Another great innovation from Aspire. Initially, it seemed to us that there’s not much difference between the drip tip airflow slots open or closed. However, they actually really helps to improve the draw, especially if you love doing deep hits straight to your lungs. And, along with the bottom base airflow, the drip tip slots offer great versatility and make finding your sweet spot a little bit easier. Also, by restricting the airflow almost fully, you can get some nice mouth-to-lung style hits out of the Triton.

However, the upper part of the tank has one tiny flaw – when trying to access the refilling holes, the 510 drip tip occasionally comes off without the heat sink base. A small issue, but still.

Left: the heat sink base; right: the 510 stainless steel drip tip

Great flavor & cool vapor

There’s no doubt: all of the original coils which come with the Triton make your e-juice taste better than it probably is. Also, the stainless steel coils, even when fired at high wattages, produce relatively cool vapor, which we definitely liked. That’s a matter of taste, however, because some people might prefer a warm, smooth, Kanger Subtank-style vape, which is something different than the Triton can offer.

Aspire Triton on a Kangertech KBOX Mini

What We Didn’t Enjoy About the Aspire Triton

Inability to fully disassemble the tank

As the Pyrex tube is enclosed by the stainless steel casing, the Triton doesn’t fully come apart. You can, of course, remove the bottom and top parts of it, but cleaning the inside of the tank might get tricky.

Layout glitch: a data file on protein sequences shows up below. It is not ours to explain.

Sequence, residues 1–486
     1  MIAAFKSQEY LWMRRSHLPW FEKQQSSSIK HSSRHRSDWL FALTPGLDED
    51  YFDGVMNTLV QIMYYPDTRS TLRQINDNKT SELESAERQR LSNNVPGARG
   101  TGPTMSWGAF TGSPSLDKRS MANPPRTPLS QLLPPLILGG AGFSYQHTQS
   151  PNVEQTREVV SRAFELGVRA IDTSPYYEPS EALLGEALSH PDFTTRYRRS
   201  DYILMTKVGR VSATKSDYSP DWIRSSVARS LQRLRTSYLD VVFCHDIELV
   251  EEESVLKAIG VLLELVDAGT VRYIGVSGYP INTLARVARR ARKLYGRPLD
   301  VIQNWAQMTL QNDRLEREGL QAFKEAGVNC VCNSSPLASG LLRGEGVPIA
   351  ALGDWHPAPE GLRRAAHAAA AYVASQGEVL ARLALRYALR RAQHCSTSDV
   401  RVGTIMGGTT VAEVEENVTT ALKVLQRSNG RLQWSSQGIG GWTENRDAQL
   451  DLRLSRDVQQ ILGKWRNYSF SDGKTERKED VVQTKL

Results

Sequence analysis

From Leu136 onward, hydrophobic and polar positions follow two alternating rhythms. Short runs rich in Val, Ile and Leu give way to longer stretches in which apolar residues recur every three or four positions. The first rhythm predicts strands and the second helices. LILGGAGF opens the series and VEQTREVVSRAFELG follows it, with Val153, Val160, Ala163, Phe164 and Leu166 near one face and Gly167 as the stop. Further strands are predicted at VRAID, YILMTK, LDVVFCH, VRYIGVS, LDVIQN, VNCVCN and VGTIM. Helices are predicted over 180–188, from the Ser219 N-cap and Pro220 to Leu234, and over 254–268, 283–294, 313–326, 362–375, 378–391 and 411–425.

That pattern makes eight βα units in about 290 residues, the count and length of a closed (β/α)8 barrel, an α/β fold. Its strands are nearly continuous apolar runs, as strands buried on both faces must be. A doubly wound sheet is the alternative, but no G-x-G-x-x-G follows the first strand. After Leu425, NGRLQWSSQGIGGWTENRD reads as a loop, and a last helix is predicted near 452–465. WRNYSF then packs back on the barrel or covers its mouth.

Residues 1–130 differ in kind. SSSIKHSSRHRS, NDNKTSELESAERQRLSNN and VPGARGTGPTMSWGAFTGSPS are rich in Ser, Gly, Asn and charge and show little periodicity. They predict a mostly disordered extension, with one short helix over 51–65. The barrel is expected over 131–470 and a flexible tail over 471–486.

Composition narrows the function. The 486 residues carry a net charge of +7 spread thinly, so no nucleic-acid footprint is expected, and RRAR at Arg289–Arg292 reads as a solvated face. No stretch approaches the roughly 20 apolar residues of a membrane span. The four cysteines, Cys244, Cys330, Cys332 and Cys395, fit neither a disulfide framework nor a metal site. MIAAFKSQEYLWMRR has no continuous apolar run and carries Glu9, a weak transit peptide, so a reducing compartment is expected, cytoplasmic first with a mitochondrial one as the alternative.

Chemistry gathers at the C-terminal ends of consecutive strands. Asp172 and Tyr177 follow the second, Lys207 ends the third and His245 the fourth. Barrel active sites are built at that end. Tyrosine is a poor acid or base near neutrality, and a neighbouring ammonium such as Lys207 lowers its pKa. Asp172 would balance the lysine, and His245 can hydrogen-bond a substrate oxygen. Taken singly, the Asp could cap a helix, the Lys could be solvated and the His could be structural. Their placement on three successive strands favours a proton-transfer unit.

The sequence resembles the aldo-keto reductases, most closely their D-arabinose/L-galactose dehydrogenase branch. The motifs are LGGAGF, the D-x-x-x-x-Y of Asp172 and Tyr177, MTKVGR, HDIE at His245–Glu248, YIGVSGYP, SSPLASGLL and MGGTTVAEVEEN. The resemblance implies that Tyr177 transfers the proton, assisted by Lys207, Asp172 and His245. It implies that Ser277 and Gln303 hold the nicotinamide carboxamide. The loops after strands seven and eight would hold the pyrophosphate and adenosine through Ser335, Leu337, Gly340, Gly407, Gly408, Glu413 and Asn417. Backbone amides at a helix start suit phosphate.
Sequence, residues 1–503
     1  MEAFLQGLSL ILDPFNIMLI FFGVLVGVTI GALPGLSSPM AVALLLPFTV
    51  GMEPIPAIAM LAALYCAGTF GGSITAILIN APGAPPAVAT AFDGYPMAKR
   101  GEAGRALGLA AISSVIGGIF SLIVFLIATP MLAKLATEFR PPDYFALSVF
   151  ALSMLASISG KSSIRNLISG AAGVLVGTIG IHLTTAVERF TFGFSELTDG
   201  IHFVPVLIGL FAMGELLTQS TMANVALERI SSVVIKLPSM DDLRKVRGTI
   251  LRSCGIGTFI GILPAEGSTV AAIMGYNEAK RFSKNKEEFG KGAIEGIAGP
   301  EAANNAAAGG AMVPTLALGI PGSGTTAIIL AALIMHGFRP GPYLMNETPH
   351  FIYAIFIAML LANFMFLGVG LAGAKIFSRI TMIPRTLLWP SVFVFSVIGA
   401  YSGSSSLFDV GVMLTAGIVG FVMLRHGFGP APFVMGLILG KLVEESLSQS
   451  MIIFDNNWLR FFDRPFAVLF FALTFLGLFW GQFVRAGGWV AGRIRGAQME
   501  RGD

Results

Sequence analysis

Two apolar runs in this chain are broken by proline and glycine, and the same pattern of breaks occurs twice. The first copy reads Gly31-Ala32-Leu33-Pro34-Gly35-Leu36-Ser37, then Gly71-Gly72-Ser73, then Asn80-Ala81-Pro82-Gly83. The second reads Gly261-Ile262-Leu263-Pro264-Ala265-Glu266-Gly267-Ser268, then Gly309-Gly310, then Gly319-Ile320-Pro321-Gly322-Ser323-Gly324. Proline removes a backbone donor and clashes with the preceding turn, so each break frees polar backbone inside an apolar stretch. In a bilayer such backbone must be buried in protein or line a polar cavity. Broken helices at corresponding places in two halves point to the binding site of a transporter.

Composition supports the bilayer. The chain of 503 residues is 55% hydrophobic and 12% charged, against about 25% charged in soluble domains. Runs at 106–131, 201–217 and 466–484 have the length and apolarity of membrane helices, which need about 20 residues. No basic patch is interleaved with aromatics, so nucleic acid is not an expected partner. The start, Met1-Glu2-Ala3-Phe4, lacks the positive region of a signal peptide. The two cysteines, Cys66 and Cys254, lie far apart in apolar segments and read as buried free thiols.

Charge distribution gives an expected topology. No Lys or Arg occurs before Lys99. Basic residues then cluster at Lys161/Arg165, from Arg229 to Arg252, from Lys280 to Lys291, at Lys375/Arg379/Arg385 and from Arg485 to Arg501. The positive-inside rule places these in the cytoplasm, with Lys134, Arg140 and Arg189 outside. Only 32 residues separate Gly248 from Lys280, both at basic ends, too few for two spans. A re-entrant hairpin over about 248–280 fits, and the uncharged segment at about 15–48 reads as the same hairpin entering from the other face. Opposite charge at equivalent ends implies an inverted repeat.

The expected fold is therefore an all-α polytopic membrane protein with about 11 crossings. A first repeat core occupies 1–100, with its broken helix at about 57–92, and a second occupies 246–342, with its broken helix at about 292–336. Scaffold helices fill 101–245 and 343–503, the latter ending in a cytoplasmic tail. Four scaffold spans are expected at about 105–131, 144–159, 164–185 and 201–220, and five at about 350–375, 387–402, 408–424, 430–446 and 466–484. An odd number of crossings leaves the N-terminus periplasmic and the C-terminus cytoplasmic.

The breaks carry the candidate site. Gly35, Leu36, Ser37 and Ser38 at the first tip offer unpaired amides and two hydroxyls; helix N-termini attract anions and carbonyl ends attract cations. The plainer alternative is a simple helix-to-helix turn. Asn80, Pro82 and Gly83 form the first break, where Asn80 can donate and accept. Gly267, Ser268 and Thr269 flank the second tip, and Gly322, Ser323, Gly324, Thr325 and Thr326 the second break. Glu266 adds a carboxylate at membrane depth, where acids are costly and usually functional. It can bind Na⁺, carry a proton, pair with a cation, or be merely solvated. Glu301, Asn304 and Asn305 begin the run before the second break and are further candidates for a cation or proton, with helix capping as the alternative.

Low e-liquid capacity

While 3.5 ml of e-juice might seem a lot for a beginner, at least we here at Ecigclopedia tend to go through a lot more than that per day. In case of Triton, this means refilling the tank two to four times daily. However, as this tank is very easy to fill, that’s not a huge issue, but it might annoy some of the most hardcore vapers.

Occasional dry hits

We tried many different coils with the Triton – from Atlantis, Atlantis 2 and even from Eleaf iJust 2. Therefore, we can definitely praise this tank for it’s high coil compatibility. However, when using the 0.3ohm and 0.4ohm coils from the original kit, we had to deal with some dry hits now and then. Although simply lowering the wattage for a while always made things go back to normal, we tried to identify the cause of this issue. And, just like other vapers have pointed out on various forums, seems that the juice openings in the coil do not always align with the flow holes in the chimney. This can be prevented by not fully tightening the coil and paying attention to make sure that the holes line up to each other. Therefore this wasn’t a huge issue for us, but it might annoy some other users.

Final Thoughts

The Aspire Triton is easy to refill, suitable to both – sub-ohm vaping and mouth-to-lung hitting – audiences, and offers outstanding flavor – no matter which coil you choose. Besides, it is compatible with many different coils from other tanks, so getting a replacement coil should never be a problem.

The airflow system of this tank is really thought-out, offering great possibilities to find your sweet spot in terms of how airy or tight do you want your vape to be. Also, the Triton is able to produce a relatively cool vape at almost all times – the tank itself does get hot, but we never had to deal with stinging vapor or spitbacks.

While the Triton has some flaws, we don’t see any reason not to like it. It is quite an innovative tank with an array of interesting features, which, without any doubt, will serve the vaping needs of both beginners and more advanced users as well.

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Martin B.

Ex-smoker, passionate vaper who loves to tell the world about the life-changing potential of vaping. Co-creator of Ecigclopedia with a background in Business & Finance. Prefers a dessert flavored vape and loves to innovate.